Neil Erasmus is a third generation furniture designer, maker and teacher. He designs and makes for commission and makes one, maybe two speculative pieces a year for selected exhibitions. He also takes orders for his batch runs such as chairs and tables. Neil’s style, while uniquely his own, is heavily influenced by the integrity of workmanship espoused by the Arts and Crafts and Shaker movements.
He has however deviated from the philosophy of ‘solid only’ work, and includes the use of specially sawn, figured veneers in almost all his work. In addition, he has become somewhat an itinerant furniture making instructor, traveling across the country and to the USA where he teaches at the Center for Furniture Craftsmanship. Neil’s first article for AWR was about making a document box in AWR#12, September 1996. See a list of his stories written since here
Q: Okay we know you like it, but how did you get into woodworking?
A: After two years as a wine making trainee in the Stellenbosch area of South Africa, the prospect of joining my father in his fine furniture business seemed very attractive at the time – for the wrong reasons. It wasn’t the woodwork that drew me, but rather the idea of an easy life in the family business.
How naive I was then! My father turned out to be the hardest taskmaster I have known, and thanks to the powerful ‘romance’ of the craft, I wasn’t tempted to find work elsewhere, which was both plentiful and finacially rewarding.
I found in working wood on the small, bespoke scale we were doing it, all that I was looking for. This was neither a job nor a profession or an ambition – it was just where I felt warm and comfortable for the ‘now’. The meaning of words like ‘vision’ and ‘ambition’ only began to have any significance at a later stage. I was lucky to have stumbled upon it when I did.
Q: Who are your woodworking heroes/gods/gurus?
A: In heroes, gods and gurus I read: those who have courage, those whom one respects and those whom one aspires to. My woodworking hero is not one but a few. There is a small group of gifted people with many years experience who wear many hats. They wear the hat of the designer, the maker, the business person, the marketing and sales executive, the mentor, the judge, and the writer, and they have to look comfortable wearing all of them.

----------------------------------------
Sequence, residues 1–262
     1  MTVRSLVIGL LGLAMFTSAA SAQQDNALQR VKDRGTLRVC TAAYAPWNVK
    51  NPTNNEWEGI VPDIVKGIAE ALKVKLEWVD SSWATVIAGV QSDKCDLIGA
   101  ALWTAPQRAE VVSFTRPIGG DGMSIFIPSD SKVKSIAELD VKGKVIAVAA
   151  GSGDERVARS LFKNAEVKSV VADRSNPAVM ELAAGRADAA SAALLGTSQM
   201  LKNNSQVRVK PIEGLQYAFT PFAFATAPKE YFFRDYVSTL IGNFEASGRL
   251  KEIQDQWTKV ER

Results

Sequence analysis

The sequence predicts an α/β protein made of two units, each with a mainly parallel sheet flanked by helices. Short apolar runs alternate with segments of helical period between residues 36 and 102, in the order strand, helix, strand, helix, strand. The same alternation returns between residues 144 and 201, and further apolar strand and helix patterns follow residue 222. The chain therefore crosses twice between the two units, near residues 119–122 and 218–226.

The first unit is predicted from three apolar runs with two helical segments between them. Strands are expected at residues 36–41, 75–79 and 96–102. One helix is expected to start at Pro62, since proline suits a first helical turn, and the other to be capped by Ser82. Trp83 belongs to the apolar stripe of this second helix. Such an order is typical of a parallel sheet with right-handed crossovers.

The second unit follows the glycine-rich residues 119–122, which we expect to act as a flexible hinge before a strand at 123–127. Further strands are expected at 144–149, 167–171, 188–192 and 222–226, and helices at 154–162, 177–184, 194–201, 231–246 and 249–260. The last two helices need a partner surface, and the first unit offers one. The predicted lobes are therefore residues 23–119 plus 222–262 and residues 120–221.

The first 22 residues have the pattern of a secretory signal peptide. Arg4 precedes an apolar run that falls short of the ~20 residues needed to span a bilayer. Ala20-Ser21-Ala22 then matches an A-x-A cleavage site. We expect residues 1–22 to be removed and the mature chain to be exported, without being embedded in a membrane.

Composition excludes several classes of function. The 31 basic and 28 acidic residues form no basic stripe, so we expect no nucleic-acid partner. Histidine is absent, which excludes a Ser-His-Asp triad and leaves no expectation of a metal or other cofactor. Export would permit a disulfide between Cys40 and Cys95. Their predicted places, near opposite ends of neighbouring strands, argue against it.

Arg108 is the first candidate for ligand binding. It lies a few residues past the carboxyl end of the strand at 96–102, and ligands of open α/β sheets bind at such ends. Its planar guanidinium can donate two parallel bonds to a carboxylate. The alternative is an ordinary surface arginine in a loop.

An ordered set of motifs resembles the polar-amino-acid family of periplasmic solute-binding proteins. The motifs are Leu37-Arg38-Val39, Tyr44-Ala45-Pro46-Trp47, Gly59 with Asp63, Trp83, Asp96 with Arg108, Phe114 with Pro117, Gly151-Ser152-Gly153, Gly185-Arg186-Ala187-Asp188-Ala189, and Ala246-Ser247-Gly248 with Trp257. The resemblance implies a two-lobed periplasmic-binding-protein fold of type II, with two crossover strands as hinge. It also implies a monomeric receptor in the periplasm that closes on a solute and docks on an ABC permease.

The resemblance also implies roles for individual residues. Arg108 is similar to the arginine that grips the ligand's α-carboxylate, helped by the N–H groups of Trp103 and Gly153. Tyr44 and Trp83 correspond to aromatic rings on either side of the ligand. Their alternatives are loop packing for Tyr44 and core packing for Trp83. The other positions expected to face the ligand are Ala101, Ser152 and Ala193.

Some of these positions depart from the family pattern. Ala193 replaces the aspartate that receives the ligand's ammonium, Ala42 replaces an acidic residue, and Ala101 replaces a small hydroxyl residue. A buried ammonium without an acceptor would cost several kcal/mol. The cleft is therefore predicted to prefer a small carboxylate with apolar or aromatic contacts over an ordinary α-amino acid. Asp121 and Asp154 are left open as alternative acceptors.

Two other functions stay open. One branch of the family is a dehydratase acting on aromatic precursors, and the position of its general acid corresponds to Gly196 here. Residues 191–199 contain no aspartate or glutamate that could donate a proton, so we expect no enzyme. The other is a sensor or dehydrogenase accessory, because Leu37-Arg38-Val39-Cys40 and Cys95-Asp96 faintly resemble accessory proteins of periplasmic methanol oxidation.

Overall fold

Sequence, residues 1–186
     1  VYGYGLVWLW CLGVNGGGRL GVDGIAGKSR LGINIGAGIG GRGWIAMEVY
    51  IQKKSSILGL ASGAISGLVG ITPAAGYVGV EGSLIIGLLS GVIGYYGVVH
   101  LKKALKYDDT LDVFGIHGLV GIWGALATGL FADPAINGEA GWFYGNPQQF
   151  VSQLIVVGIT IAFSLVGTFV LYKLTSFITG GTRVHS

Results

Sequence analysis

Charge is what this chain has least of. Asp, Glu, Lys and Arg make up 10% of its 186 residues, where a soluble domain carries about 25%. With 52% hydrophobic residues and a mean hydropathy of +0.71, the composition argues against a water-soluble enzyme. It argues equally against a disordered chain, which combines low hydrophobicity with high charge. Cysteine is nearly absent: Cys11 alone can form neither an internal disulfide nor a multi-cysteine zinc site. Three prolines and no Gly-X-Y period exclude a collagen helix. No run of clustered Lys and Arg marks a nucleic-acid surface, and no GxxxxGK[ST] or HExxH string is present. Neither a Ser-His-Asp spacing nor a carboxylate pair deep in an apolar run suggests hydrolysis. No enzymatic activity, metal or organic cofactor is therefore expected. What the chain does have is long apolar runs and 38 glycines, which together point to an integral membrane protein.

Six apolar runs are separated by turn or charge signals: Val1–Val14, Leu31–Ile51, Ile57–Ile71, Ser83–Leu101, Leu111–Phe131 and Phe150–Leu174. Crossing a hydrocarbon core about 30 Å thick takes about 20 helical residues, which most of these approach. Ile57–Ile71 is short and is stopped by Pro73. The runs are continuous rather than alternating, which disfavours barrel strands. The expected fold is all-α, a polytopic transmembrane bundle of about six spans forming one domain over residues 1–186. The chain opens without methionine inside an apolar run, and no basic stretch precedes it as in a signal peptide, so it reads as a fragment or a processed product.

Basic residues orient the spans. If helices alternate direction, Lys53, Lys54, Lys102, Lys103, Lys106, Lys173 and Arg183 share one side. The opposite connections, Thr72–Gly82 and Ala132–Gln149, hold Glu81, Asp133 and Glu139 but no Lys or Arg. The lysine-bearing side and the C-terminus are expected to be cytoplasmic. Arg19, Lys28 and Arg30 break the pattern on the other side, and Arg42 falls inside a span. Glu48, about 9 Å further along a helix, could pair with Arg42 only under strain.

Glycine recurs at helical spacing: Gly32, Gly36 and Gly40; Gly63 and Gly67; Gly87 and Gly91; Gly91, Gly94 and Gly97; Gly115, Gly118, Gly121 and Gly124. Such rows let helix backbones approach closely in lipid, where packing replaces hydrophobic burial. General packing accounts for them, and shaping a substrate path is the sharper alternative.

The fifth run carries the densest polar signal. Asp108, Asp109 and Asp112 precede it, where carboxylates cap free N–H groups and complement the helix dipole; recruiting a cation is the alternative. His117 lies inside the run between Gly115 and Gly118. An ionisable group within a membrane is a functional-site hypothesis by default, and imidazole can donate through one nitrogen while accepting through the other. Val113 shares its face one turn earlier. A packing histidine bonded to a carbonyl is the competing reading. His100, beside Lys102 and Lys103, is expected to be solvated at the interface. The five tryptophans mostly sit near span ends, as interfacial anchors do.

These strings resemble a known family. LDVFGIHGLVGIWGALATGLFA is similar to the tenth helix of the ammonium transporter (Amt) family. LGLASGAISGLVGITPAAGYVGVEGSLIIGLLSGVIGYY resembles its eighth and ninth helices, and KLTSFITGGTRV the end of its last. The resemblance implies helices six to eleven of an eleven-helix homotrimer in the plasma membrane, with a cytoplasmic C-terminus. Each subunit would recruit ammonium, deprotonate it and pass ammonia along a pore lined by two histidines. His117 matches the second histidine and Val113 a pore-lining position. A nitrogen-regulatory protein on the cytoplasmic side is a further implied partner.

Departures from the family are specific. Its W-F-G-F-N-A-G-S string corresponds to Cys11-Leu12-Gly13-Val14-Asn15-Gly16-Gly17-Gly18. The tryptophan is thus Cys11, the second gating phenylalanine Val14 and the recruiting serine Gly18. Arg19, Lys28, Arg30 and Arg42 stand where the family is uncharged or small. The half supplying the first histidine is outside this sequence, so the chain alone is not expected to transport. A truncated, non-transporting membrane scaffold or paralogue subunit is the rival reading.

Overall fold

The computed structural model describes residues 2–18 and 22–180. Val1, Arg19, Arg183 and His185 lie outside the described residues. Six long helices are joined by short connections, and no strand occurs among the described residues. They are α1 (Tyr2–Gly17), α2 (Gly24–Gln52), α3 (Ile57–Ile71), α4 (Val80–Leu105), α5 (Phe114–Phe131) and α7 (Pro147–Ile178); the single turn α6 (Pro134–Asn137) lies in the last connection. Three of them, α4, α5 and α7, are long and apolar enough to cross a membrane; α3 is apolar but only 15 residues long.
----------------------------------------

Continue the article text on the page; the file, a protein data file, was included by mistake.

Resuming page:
I also aspire to these heroes for their courage to stick with something they love in spite of the small material rewards, and they do it with humility and selflessness.
My gods of design I would devoutly convert anyone to are Charles Rennie Mackintosh and Gerrit Rietveld whose creations, early last century, were so timeless they still take one’s breath away today. My god of working wood is James Krenov who manages to see ‘through’ the wood to discover many more dimensions to this material. It comes as no surprise that he has a ‘cult’ following where wood becomes spirit.
Q: What do you mainly make?
A: I make speculative exhibition pieces, batch production work to fill orders and commissioned pieces in roughly equal proportions. In addition to this I teach and write.
Q: Your thoughts on traditional vs ‘new’ and digital?
A: I read this question two ways, both in terms of design/aesthetics and construction. I am so pleased that when I started my career, I was more interested in the ‘journey’ than the destination, as my full focus was on getting the making part of the equation right. It was this sound foundation that informed me about all the ‘can dos’ and ‘can’t dos’ of designing in wood.